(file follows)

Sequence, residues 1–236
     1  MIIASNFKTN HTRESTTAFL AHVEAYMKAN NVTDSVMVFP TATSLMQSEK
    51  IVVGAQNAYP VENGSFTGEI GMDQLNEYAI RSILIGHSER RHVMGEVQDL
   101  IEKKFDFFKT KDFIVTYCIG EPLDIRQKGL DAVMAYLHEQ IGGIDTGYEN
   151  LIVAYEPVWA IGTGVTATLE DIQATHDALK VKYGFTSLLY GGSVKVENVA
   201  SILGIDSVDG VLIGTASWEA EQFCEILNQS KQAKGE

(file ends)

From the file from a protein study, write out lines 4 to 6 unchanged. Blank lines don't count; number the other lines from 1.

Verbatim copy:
   101  IEKKFDFFKT KDFIVTYCIG EPLDIRQKGL DAVMAYLHEQ IGGIDTGYEN
   151  LIVAYEPVWA IGTGVTATLE DIQATHDALK VKYGFTSLLY GGSVKVENVA
   201  SILGIDSVDG VLIGTASWEA EQFCEILNQS KQAKGE